Terrible working conditions
Lots of poor people
Industrial and financial instability
Economic depressions that won’t self-correct
Inadequate supplies of “affordable” housing
Widening economic inequality
Racial and ethnic discrimination
“Market failures” of many kinds
Threatened or disappearing species of animals and plants
These are among the many problems that people have perceived as plaguing economically advanced societies during the past century or so. They differ greatly and involve different causes, mechanisms, and consequences.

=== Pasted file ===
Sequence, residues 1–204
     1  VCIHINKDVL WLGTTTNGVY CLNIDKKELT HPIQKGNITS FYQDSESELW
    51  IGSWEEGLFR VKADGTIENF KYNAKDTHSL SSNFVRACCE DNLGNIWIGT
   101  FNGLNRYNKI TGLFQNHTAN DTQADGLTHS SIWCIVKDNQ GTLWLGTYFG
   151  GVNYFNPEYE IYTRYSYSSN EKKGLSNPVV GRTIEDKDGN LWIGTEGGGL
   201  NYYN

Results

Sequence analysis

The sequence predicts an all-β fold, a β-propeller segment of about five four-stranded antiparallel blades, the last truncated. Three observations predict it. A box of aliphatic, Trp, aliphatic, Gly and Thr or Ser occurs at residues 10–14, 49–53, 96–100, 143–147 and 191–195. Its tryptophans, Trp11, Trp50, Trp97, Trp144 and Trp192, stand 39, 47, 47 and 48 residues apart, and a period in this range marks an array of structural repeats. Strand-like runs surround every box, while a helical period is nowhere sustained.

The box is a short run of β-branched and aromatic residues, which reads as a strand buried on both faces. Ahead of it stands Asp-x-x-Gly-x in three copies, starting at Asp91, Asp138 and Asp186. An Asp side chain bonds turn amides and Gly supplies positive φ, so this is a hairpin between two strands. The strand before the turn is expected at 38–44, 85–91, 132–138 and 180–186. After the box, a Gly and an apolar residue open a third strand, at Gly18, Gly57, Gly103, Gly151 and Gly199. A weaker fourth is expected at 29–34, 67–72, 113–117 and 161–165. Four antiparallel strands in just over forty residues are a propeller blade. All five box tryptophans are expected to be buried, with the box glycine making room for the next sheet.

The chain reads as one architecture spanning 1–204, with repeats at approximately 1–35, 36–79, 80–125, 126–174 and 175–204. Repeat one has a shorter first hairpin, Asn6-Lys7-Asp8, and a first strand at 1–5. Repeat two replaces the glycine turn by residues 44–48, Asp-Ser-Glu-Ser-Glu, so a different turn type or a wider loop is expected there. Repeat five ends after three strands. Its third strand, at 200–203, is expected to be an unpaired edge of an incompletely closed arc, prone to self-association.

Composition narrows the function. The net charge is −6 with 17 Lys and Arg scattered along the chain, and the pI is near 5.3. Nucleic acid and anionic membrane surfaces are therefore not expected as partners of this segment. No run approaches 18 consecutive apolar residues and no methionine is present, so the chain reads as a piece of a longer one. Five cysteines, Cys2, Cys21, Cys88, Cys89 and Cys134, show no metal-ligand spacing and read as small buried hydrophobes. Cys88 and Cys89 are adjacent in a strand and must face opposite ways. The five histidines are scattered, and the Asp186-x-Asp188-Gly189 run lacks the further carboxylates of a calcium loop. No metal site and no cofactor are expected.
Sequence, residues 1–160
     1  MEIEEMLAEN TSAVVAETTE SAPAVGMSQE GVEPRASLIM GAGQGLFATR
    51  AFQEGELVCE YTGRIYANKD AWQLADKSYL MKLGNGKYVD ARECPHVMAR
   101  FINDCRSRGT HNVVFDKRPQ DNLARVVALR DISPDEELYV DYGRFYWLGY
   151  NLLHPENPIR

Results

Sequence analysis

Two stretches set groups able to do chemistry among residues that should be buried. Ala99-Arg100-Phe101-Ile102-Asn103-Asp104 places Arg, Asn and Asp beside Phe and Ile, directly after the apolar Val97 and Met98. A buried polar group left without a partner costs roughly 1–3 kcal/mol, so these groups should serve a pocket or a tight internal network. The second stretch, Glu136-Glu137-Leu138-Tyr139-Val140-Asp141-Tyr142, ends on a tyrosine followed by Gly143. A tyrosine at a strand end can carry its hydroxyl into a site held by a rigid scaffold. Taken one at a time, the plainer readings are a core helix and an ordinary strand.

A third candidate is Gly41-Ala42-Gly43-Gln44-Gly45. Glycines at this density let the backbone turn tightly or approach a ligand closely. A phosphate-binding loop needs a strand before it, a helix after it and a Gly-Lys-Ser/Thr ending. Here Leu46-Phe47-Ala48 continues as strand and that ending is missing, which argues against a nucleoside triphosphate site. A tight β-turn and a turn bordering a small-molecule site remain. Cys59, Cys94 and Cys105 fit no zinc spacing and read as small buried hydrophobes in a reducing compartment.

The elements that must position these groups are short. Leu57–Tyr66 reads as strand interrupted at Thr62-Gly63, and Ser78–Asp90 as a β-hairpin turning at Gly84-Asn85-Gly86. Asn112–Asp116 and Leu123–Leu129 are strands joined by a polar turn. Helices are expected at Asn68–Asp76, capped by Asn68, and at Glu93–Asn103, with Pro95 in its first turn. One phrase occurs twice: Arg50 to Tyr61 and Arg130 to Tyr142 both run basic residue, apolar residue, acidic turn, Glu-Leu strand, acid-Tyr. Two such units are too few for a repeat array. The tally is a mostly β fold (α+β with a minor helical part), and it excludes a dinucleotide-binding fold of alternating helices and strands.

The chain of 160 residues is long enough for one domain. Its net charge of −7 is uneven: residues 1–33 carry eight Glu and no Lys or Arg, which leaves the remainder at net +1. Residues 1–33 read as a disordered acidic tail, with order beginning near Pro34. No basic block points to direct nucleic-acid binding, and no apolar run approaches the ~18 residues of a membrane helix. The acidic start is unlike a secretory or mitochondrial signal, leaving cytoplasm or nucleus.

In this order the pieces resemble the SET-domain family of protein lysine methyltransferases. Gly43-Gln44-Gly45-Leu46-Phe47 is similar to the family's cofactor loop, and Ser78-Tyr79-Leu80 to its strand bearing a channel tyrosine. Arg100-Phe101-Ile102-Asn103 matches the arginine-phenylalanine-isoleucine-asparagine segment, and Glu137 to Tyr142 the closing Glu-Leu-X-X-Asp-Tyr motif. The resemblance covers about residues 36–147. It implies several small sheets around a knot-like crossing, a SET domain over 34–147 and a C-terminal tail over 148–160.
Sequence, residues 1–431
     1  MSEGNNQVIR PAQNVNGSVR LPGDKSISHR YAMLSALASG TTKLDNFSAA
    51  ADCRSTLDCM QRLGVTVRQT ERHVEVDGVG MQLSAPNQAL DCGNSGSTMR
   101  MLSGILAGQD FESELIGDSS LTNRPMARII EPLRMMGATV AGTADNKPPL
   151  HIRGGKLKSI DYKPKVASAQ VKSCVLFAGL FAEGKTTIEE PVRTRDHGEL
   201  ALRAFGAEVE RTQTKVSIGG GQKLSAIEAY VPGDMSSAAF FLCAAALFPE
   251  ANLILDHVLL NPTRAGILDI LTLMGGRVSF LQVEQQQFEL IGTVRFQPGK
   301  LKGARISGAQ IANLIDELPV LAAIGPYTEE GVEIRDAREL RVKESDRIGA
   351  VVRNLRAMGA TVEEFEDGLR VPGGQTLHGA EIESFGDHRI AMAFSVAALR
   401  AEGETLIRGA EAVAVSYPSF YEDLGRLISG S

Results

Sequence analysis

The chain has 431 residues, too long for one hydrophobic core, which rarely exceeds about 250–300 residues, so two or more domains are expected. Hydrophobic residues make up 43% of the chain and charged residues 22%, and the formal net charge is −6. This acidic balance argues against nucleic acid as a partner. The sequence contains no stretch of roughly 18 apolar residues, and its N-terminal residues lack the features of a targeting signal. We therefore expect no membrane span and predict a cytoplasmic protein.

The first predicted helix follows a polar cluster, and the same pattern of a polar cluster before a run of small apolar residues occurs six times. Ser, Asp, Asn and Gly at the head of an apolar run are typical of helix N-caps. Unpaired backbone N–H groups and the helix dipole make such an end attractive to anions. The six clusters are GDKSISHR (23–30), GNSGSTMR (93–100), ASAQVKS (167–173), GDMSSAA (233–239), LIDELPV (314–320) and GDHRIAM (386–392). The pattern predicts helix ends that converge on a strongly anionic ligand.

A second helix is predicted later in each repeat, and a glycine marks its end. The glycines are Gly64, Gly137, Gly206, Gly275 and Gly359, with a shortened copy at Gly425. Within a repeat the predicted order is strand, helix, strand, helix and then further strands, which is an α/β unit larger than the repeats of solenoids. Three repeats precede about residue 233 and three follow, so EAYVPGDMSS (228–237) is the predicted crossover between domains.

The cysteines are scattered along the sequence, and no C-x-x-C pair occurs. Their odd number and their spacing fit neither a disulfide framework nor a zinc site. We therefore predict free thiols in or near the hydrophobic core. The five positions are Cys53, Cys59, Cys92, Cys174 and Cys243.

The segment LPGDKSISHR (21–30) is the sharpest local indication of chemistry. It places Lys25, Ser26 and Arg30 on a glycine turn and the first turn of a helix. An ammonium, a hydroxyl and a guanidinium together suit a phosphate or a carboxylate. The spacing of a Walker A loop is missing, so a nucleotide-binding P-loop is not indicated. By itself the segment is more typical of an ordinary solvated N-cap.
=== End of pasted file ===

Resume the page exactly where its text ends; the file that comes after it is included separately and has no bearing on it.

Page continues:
Yet in every case the solution has been widely seen as the same: vastly enlarging the power of government. It’s almost enough to make a skeptic wonder whether each perceived or proclaimed problem has been intended from the start to serve as a pretext for a government power grab—especially when one appreciates that somehow the problems that enhanced government power is supposed to solve never get solved to the satisfaction of those who sought the power, but only cry out in their view for even greater augmentation of government power.